Here’s the unique thing about Mahatma Gandhi. The more you read about him, the more you realise the man was a complete enigma. Our Father of the Nation led an extremely interesting life, one that historians love to dissect over from time and time, and the most incredible part is that each time they end up finding something new.
The younger generation might have a bone to pick with him because his birth day (October 2) and death anniversary (January 30) are dry days throughout India. But such was the frugal lifestyle of Mahatma Gandhi that things like food, clothes and drinks were probably the last things on his mind during India’s long freedom struggle. As Gandhi himself said about alcohol, “I want to say that taking intoxicating liquors is almost like committing suicide, because a man or a woman who takes intoxicating drinks and gets mad, kills his or her soul, for the time being. Surely death of the soul is worse than death of the body.” Yeah, he could be pretty extreme that way.
What most people don’t know is that Gandhi even made drinking tea into a taboo. But not for the reasons you might imagine.
Let’s first get to Sarat Chandra Chattopathyay’s novella Parineeta that Vidya Balan debuted in and propelled her into a powerhouse performer in the last decade. In the story, Balan’s character Lalita does not drink tea because her romantic interest Shekhar is a nationalist who does not prefer women drinking the beverage.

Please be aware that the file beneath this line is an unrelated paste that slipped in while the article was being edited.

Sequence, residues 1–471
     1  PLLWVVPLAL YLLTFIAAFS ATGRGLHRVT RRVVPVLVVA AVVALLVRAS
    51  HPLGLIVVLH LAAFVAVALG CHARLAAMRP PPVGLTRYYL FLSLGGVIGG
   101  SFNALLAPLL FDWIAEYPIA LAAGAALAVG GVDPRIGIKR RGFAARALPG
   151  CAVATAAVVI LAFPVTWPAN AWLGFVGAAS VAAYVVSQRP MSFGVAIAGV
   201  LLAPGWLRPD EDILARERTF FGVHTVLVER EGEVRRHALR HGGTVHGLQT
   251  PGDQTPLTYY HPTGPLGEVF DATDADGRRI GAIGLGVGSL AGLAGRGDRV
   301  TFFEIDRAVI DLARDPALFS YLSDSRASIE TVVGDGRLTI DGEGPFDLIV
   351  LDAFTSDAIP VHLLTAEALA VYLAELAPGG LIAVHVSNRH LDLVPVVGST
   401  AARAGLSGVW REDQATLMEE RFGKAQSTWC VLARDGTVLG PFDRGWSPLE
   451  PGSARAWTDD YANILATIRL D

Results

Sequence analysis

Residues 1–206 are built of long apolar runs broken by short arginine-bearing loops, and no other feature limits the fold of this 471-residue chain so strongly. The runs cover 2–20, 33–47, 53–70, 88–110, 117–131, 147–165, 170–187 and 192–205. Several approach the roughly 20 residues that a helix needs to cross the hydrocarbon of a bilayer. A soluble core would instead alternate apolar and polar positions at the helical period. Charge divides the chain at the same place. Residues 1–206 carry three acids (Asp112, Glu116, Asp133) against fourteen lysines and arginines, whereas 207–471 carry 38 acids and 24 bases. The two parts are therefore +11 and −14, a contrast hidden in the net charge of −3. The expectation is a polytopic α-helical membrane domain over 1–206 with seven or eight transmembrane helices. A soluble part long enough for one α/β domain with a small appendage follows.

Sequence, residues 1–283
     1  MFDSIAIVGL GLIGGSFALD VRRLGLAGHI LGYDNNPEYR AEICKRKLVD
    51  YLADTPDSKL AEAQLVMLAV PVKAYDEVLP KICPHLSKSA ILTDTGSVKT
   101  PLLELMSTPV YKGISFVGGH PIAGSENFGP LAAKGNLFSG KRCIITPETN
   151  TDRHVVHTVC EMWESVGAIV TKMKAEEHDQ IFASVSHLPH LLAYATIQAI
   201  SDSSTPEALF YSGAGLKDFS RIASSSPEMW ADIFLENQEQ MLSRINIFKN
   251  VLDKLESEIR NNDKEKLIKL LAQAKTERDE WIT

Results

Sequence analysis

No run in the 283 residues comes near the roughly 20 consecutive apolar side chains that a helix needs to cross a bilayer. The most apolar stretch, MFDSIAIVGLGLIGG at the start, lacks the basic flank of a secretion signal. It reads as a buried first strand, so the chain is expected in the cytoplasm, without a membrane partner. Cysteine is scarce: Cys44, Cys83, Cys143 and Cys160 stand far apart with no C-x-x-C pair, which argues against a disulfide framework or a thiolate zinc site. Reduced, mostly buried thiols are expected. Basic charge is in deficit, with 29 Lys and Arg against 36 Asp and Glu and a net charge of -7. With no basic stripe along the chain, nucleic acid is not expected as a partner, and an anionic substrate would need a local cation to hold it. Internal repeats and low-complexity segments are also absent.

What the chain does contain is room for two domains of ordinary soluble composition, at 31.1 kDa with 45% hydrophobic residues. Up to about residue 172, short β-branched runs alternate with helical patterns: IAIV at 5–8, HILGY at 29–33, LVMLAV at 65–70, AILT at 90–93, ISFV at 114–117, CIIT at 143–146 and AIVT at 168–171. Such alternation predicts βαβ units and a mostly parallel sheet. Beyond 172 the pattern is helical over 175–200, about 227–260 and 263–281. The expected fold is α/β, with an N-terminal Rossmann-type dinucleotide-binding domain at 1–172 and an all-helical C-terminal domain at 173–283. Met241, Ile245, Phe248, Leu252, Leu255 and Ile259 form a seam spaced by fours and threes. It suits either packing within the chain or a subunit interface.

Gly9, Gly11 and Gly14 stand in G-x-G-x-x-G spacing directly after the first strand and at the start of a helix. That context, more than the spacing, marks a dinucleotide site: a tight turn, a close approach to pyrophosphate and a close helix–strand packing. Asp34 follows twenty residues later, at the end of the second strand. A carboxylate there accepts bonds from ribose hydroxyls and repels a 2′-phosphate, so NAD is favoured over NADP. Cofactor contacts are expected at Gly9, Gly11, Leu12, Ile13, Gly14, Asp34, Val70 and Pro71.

Shekhar’s point of view is influenced by the appalling conditions in which tea workers, mostly women, work and serve their English masters. Published in 1914, the novella captured the zeitgeist of the 1920s and 1930s when upper class Bengalis began drinking tea to show off their richness at a time when Calcutta had become the world’s biggest tea port after the collapse of the American markets during the Great Recession.
Naturally, someone like Gandhi could not allow a drink seen to be favourable to the upper and middle class to take over the rest of poor India. Apart from this, another reason for his taboo towards tea were the ingredients in tea themselves.
In a chapter of his book A Key To Health, Gandhi wrote that the tannins present in tea was bad for human consumption and called tea an ‘intoxicant’ for the same reason. This happened at a time when there was already a rumour that drinking tea caused the skin to go dark. Added to these were cartoons published by noted chemist Acharya Prafulla Ray from the 1920s that equated tea with poison that further drove Gandhi to call for a halt to drinking tea.
Little did Gandhi expect that Indian tea would be one of the most valuable sources of foreign exchange in independent India post 1947.
No Cow Milk
Gandhi’s reason for abandoning cow milk, on the other hand, was pretty straightforward. According to a widely corroborated story, he once saw a cow being milked while her calf was deprived of her milk. Gandhi vowed to abandon milk altogether straightaway. However, because he did not have nourishing food otherwise, his body needed the essential vitamins that milk provided. Ultimately, it was decided that Gandhi would have goat’s milk.
As we said, there’s so much of Gandhi still left to unpack that we might as well be scratching the surface of his personality. We’d like to know what you think of Gandhi’s aversion to tea and cow milk in the comments below.
Cover illustration exclusively designed for Gurgl by Bhagvan Das. All other images from respective brands’ Facebook pages.
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Loves to travel and taste drinks around the world Favourite drink - Vietnamese Coffee Favourite spirit - Turkish Raki